Nasal polyps may cause no difficulties, or they may be severe enough to need treatment with drugs or surgery. These soft growths appear in the lining of nasal passages. While the most common polypoid grows are not cancerous, a few growths that occur inside the nose that look like polyps, are actually warts that grow in the nose and sinuses. These are called inverting papillomas and can be pre-cancerous and a biopsy is often times recommended. Now we clearly understand which type of nasal growths we are dealing with and what steps need to be taken. Inflammatory polyps, which are most commonly seen inside the nose, can lead to infections, a loss of the sense of smell, and difficulty breathing if they block the nasal passages.
Nasal polyps produce symptoms like chronic stuffiness, headaches, snoring, and pressure in the forehead. If you have these symptoms, doctors use a variety of tests and tools to determine if you have polyps.
The most basic diagnostic tool is simply a physical exam with a light. A more sophisticated form of this is called a nasal endoscopy. The endoscope has a light and a small magnifier or camera on the end of a thin tube. When the tube is inserted into your sinuses, the doctor can easily see if polyps are present.
For polyps that are beyond the reach of an endoscope, you may need a CT scan. This computerized image will let your doctor see what is going on deeper in your sinuses. It also provides a clearer picture of how much inflammation may be present.
Exploring your nasal passages with an endoscope or CT scan also lets your doctor check to see if polyps are really what you are suffering from. Other types of blockages may cause similar symptoms, so it is important to rule those out. If you have abnormalities in the way your sinuses are formed, or God Forbid, if you have cancerous growths, then your treatment options will be different.
After your doctor physically examines your nasal passages, there are other tests that may be run to check for any factors that may be contributing to the formation of polyps.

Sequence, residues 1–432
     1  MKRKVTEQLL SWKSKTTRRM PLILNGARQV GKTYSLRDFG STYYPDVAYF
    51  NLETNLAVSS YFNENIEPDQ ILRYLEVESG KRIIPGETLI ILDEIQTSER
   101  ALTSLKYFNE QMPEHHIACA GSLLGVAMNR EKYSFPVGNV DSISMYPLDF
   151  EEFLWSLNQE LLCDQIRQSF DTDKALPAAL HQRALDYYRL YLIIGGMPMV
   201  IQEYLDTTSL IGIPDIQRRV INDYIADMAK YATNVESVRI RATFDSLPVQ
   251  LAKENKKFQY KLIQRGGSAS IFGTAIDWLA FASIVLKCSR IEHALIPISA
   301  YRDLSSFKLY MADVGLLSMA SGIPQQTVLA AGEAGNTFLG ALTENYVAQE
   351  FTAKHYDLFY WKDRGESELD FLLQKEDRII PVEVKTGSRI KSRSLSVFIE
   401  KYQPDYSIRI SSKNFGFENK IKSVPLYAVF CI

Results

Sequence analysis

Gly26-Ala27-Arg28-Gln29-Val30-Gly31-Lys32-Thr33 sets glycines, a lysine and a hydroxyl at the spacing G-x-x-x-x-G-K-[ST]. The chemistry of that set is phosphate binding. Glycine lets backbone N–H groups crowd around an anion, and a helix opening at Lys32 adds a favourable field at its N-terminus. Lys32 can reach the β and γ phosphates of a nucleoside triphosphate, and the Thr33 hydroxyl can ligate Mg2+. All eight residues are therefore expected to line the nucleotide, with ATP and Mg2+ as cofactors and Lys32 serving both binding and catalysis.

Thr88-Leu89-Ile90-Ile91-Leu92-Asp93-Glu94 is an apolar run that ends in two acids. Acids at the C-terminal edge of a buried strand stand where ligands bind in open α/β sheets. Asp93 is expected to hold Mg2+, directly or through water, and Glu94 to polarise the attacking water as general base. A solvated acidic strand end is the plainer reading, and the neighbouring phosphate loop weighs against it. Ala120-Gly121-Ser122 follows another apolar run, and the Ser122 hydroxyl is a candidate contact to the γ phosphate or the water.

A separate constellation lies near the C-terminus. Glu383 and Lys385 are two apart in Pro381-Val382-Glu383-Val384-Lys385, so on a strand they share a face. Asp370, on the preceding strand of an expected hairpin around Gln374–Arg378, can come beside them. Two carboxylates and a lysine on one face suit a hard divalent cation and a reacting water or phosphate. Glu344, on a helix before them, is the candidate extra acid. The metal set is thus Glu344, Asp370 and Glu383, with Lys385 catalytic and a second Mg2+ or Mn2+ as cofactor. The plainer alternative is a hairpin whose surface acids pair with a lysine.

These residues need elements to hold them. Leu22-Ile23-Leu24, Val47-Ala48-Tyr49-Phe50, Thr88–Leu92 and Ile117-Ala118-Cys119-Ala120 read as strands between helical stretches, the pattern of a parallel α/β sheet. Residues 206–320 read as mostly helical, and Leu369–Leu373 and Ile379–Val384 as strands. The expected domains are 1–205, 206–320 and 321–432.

Allergies may cause your nasal passages to be chronically inflamed, which can lead to polyp formation. A simple skin-prick test on your forearm or back can check for various allergies. Blood tests can also give information about any antibodies to allergens that you have in your bloodstream.
Cystic fibrosis is another condition that may make polyp formation more likely. Cystic fibrosis is inherited, and is most commonly diagnosed by means of a sweat test. This noninvasive test checks for the salt content of the person’s sweat. It is typically saltier in people that have the condition. Cystic fibrosis affects the secretory glands of the body, including those that produce sweat, mucus, saliva, and digestive juices.
A vitamin D deficiency is one more contributing factor to nasal polyps. Any deficiency can be detected with a blood test, so this is a simple factor to rule in or out.
Polyps often go along with chronic sinusitis, which can be difficult to treat. Sinusitis usually requires long-term treatment that tackles symptoms resulting from allergies or other problems that trigger inflammation.
The specific goal of treatment for polyps is to make them smaller, so they no longer block the nasal passages, or to completely get rid of them. This may be accomplished with either drugs or surgery.
Treatment With Medication
Since medications are the least invasive treatment choice, your doctor will usually start here. Drugs have the potential to eliminate even large polyps, so if they work for you, you will not have to move on to surgery.
A nasal spray is often the first option for drug treatment. The spray delivers nasal corticosteroids, which combat the irritation and swelling in your nasal passages. If the corticosteroids shrink or eliminate your polyps, they may be the only treatment you need. These steroid sprays work best when the lining inside your nose is clean and free of thick retained secretions. I always recommend a saline nasal rinse before using the steroid nasal sprays.
Nasal corticosteroids include familiar drugs like Flonase Allergy Relief, Rhinocort, Nasacort and many others.
If a nasal spray is not effective in shrinking or eliminating nasal polyps, the next step is to try an oral form of corticosteroid. A common choice is prednisone. Your doctor may prescribe prednisone in combination with a nasal spray or as a stand-alone treatment. Oral corticosteroids may have unpleasant side effects, so you will usually only use them as a short-term treatment.